Professors spent 10.8 percent more outside dollars on research last semester, blasting past last year’s totals as the University builds momentum before the openings of its science, engineering and public health buildings.
Vice President for Research Leo Chalupa announced Friday that researchers spent about $82.7 million in the first half of fiscal year 2014, which started in July. The growth comes even as the pool of federal dollars for research – by far GW’s largest source of grants – shrinks.
“The thing to recognize here is this is a time when the government shut down and the sequester happened,” Chalupa said. “This is a great testament to our faculty.”
The University has bet big on transforming itself to attract grants. It is set to open research-intensive buildings worth $350 million in the next year, with plans to spend more than $100 million for faculty hires and research centers over the next decade.
That has made research expenditures a key way that administrators and trustees measure the University’s progress. It’s also how the National Science Foundation ranks research universities, putting GW at No. 103 in the country last month for the 2012 fiscal year – behind nine of the 14 schools the University considers its peers.
As of last fiscal year, GW still hadn’t gotten back to 2010 levels of research spending, when Chalupa said professors reaped the benefits of the federal stimulus plan that pumped money into agencies. The University counted $164.5 million in expenditures that year, about $2 million more than last year.
Over the past year, the Office of the Vice President for Research has also launched a website that makes it easier for professors to track grants and added “boot camps” for research preparation. Faculty have long griped that the University’s systems and technology for research are outdated.
For instance, Aleksandar Jeremic, an assistant professor of biology, said a lack of the newest technology continues to make it more difficult for GW researchers to get grants.
But Chiara Manzini, an assistant professor of pharmacology and physiology, came to GW this summer and said the strengthening research support system attracted her to the University. She received a $747,000 grant this summer to continue studying the causes of autism and other mental disabilities.
“I think the [Office for the Vice President of Research] has really made a big effort into helping researchers, identify funding opportunities and working with them to make sure that the grants that go in are the best grants that they can put in,” she said.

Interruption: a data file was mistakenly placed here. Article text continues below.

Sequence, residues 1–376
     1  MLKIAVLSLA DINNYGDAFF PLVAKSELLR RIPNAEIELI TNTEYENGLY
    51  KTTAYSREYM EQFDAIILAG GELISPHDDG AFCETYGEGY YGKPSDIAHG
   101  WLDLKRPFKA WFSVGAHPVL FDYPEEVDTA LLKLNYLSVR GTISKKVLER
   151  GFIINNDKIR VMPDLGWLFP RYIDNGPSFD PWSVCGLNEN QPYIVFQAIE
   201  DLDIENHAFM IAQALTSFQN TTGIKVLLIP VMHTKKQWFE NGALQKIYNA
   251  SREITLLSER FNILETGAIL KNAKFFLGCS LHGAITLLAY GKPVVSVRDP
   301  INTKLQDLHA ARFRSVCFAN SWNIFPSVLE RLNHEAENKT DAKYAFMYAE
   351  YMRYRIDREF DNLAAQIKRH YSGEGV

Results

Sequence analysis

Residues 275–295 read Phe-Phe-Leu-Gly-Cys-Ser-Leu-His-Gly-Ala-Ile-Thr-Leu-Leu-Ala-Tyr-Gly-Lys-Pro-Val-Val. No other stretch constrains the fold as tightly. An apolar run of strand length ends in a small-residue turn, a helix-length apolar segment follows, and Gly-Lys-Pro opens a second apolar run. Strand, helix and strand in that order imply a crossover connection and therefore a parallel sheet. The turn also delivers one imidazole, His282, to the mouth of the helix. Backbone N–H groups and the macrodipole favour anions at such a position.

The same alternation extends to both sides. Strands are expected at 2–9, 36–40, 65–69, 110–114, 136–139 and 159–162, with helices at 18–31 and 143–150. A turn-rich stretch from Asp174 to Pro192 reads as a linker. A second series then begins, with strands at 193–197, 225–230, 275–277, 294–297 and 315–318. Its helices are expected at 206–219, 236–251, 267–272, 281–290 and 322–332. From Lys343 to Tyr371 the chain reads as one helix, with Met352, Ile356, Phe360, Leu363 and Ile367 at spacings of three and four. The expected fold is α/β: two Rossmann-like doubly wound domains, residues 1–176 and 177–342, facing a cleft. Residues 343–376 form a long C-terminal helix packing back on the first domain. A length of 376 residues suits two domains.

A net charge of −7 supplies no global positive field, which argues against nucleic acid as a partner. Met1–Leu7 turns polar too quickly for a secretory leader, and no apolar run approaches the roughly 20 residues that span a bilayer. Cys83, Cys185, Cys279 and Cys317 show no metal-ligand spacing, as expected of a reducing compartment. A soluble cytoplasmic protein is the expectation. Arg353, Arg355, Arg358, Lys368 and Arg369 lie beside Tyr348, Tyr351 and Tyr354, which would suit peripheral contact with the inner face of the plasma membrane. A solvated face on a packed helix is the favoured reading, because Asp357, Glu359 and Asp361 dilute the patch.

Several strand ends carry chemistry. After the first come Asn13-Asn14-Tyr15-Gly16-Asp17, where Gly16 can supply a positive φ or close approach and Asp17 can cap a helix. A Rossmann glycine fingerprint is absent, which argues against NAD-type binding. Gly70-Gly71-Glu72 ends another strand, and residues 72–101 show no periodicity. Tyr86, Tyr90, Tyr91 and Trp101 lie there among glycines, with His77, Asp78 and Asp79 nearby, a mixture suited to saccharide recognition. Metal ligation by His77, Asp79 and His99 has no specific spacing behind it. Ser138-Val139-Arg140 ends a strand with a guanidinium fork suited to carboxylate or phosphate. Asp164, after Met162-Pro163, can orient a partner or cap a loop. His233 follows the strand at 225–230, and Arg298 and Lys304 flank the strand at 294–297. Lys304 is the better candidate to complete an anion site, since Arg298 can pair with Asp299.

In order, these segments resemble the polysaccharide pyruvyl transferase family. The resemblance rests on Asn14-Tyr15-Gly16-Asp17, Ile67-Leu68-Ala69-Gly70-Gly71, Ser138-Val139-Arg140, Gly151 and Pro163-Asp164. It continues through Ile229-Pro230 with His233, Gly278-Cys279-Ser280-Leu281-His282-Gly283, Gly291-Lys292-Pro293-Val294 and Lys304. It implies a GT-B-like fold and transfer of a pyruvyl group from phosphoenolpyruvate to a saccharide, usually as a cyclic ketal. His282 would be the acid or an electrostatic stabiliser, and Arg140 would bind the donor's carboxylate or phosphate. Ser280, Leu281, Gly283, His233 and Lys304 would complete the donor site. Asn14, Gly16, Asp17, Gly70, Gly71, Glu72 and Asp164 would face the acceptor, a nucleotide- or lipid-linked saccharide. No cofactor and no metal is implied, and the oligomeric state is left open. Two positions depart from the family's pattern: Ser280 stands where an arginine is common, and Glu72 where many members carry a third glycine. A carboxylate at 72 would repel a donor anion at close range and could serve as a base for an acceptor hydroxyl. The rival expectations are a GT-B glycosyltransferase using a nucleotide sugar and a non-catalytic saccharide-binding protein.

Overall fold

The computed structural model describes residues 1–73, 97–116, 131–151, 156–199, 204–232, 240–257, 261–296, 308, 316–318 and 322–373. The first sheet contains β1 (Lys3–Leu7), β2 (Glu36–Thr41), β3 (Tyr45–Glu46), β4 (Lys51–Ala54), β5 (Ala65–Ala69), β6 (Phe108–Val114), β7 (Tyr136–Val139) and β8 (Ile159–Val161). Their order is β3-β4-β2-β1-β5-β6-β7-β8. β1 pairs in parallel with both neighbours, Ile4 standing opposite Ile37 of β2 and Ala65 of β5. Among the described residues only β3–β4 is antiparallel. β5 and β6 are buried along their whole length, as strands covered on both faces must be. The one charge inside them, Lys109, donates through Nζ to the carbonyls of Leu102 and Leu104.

She also touted the mentorship program at the School of Medicine and Health Sciences, which pairs up veteran faculty members to help newer researchers apply for top grants.
Manzini is one of dozens of research-focused faculty recently hired in the fields of medicine, public health, science and engineering. The School of Public Health and Health Services alone has hired 37 full-time faculty members since July 2010.
The University is looking for those hires to fill laboratories in the new buildings across campus, and bring in outside grants that also earmark money that goes directly to the University, called indirect cost recoveries.
Forrest Maltzman, senior vice provost for academic affairs and planning, said the new hires over the last several years have begun to pay off.
“It depends what stage you hire somebody in, but when you hire a new [doctoral student] or somebody coming in, it normally takes them a few years to get their research program ramped up,” Maltzman said.
The majority of GW’s grants last year again came from the National Institutes of Health, which mostly dishes out funding to medical researchers at the University, while researchers in other fields such as social sciences have turned to corporations and foundations to make up for the lack of national funds.
Foundations and corporations typically do not give as much money to cover building and maintenance costs though, instead giving the professor full control over the grant. That could spell trouble for GW, which is counting on a $55 million increase in indirect cost recoveries over the next eight years to help pay for the most expensive building in its history, the Science and Engineering Hall.
But that amount of money barely budged last year, as indirect cost recoveries grew by only 0.7 percent despite total research spending growth of 7.3 percent.
Some universities do not accept those grants without more substantial indirect cost recoveries, Chalupa said.
“They don’t take that money, they play hardball. We take everything right now, because I don’t want to tell a faculty member you can’t have this half a million dollars,” Chalupa said.
This post was updated Jan. 13, 2014 to reflect the following clarification:
The Office of the Vice President for Research did not provide the exact total of research dollars for the first half of 2014, just the percentage increase over the previous year. That total, however, could be tabulated using public Faculty Senate minutes.